This might seem a bit ridiculous as the chances of breathing the same molecules of air that say my mother or the Archduke of Austria inspired are extremely miniscule, but what is the joy of life if not full of quirkiness.
“Charlie Chaplin waved to me” by Adam Yamey is available from:
Amazon, Lulu.com, and bookdepository.com, as well as on Kindle
This story was related to me by a good friend. She suggested that I publish it on my blog because it illustrates certain attitudes still prevalent in India. I have changed the details for obvious reasons and will tell it in the first person.
This happened during my days as an undergraduate student in the early 1970s. Those days, we were all hippies, often high on dope. I had a fling with Raj. Nothing came of it.
Later and quite by chance, I found myself enrolled in the same postgraduate course as Raj. We got together again, and I became pregnant. Although we weren’t married, I wanted to keep the child, who was conceived out of love, not as a result of rape.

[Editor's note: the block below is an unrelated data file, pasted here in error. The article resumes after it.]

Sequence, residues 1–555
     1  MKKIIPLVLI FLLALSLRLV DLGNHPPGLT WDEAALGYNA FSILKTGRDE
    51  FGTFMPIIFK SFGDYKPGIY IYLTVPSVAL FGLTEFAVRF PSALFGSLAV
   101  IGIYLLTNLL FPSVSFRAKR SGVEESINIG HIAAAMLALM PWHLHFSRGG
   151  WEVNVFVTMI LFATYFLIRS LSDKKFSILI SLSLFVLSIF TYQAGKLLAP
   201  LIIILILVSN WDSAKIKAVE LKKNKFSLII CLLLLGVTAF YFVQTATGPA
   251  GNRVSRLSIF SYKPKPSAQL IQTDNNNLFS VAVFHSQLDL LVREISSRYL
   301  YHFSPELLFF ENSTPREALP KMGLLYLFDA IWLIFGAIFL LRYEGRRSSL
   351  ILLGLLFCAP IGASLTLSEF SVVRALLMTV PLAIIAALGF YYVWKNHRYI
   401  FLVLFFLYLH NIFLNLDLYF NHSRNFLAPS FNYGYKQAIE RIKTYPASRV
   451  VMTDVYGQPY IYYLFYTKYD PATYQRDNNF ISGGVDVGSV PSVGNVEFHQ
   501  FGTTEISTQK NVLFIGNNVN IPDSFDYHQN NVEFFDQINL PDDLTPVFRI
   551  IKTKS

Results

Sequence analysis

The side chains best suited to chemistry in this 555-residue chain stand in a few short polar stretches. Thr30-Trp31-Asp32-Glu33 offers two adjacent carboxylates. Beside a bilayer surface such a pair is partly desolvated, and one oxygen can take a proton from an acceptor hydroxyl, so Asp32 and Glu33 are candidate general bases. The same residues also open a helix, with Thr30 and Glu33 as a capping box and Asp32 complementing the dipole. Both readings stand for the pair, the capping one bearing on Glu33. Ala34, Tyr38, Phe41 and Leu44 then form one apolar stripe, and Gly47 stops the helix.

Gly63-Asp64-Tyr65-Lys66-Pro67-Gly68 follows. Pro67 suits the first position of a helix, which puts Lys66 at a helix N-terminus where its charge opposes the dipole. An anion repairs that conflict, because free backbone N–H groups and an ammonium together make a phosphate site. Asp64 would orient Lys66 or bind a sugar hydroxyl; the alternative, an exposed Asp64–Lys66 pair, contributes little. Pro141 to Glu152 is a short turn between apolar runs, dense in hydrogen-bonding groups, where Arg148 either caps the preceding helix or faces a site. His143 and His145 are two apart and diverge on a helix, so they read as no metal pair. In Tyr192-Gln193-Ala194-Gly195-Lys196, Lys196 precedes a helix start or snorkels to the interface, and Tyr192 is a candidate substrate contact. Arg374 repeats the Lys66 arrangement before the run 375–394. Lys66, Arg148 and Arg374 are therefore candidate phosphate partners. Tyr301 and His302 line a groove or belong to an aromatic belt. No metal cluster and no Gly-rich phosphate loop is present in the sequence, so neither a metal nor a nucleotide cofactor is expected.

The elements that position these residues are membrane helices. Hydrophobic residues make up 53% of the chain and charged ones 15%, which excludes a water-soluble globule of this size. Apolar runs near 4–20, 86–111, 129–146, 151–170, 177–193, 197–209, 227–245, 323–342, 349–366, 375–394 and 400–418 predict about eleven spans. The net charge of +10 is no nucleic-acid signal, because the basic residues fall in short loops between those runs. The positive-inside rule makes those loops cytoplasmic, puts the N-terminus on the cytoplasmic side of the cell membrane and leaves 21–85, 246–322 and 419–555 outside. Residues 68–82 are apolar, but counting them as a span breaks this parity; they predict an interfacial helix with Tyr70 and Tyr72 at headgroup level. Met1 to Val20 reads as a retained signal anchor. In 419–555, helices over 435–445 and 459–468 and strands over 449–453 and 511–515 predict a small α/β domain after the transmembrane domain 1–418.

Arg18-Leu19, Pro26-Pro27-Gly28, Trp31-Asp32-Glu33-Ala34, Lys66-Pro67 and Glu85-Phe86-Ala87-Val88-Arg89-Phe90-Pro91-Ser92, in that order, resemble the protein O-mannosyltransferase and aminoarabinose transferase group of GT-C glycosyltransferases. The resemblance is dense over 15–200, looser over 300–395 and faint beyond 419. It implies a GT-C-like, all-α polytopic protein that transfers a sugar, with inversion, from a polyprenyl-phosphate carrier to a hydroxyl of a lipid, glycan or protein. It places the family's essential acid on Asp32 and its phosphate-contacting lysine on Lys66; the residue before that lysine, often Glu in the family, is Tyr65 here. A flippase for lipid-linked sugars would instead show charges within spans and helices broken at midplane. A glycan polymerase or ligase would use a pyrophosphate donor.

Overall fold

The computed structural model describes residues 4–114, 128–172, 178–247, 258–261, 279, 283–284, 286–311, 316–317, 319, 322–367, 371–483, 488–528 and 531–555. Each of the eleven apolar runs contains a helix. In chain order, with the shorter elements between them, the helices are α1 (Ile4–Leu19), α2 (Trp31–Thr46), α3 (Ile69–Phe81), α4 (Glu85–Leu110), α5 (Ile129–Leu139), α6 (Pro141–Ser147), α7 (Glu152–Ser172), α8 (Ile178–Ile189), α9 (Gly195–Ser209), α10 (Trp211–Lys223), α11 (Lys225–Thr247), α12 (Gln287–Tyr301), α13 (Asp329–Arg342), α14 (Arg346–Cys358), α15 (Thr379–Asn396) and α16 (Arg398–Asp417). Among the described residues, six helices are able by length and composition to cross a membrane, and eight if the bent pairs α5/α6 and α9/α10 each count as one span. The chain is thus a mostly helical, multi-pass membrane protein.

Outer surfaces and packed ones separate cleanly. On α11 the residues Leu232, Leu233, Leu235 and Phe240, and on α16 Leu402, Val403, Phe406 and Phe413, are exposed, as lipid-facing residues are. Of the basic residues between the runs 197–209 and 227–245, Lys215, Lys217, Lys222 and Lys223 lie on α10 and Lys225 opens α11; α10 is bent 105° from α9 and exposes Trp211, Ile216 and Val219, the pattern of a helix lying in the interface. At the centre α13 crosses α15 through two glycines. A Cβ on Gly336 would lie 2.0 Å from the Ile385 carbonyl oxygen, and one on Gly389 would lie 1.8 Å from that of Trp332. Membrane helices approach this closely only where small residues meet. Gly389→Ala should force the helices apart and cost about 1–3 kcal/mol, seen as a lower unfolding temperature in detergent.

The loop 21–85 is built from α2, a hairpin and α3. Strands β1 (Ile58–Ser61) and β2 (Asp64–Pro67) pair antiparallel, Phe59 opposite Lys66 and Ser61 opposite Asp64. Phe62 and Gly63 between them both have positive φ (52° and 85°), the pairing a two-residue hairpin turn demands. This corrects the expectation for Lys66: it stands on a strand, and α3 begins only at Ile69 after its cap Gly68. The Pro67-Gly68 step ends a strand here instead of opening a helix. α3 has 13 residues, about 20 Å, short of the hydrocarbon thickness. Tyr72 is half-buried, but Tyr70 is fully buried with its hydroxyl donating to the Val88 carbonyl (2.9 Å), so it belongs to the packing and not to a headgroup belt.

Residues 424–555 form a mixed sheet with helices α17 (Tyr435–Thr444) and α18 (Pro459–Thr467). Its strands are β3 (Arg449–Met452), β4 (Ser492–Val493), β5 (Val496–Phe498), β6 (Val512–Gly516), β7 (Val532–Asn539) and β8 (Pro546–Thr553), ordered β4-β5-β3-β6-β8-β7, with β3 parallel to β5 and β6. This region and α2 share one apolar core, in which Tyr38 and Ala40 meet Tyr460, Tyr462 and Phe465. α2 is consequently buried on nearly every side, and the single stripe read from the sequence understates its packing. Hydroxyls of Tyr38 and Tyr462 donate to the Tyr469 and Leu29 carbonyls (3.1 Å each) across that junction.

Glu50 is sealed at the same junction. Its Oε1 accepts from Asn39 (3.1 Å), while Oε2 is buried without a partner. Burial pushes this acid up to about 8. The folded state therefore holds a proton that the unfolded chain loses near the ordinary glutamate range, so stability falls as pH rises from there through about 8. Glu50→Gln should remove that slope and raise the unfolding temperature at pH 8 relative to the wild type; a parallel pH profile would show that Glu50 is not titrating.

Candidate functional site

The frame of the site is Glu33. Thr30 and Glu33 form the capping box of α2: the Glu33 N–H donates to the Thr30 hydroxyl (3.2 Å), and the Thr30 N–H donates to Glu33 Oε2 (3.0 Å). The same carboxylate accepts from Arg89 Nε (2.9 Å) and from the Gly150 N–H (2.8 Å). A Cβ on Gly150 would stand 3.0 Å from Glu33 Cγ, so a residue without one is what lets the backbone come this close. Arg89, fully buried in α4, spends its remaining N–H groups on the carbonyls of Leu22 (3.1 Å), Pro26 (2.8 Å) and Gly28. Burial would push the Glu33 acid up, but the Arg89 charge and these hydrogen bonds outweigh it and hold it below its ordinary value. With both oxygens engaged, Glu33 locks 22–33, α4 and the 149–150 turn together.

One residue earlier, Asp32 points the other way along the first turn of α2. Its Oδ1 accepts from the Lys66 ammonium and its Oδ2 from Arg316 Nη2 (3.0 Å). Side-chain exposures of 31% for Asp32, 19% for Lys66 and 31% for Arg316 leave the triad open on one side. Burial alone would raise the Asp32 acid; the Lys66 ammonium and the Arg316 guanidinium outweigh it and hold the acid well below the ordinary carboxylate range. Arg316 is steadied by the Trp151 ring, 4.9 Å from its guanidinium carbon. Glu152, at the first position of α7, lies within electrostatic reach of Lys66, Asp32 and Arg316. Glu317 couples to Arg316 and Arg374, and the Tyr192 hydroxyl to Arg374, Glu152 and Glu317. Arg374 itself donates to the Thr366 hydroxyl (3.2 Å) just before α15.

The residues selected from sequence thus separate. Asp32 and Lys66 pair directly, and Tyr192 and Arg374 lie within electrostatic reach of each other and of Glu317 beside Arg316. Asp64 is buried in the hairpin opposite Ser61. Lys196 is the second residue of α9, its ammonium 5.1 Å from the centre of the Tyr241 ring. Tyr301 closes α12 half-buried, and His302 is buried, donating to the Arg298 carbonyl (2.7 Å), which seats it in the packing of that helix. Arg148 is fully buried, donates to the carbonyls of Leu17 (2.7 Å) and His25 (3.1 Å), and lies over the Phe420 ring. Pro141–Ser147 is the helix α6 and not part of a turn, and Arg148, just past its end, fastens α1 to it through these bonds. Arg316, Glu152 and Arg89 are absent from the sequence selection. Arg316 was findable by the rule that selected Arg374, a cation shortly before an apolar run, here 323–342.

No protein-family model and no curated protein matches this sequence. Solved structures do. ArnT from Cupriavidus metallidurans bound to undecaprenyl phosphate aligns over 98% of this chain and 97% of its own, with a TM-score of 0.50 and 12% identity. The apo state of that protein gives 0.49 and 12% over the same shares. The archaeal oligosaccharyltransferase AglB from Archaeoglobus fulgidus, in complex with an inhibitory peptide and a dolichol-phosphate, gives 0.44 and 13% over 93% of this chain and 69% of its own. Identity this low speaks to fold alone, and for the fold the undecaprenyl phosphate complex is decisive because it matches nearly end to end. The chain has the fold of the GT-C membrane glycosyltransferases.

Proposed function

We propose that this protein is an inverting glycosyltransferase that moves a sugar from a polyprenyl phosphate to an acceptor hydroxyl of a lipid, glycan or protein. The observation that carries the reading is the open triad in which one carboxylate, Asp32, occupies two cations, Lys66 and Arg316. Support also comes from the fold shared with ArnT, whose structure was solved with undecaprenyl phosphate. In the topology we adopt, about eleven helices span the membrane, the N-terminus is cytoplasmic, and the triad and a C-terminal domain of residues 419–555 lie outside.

One day, Raj, without informing me where we were going, took me to his parent’s home. I was not dressed appropriately for such a visit, to meet a boyfriend’s parents. I was in shirt and jeans, wearing non matching socks and tatty sneakers.
When we arrived at his home, not only were Raj’s parents waiting to meet me, but also various of his uncles. Raj’s mother, let’s call her ‘Mom’, made me sit beside her and the men left the room.
“So, where did you do it?” Mom began, “was it in a hotel?”
“No, in my room at the hostel” I replied, wondering why she needed to know.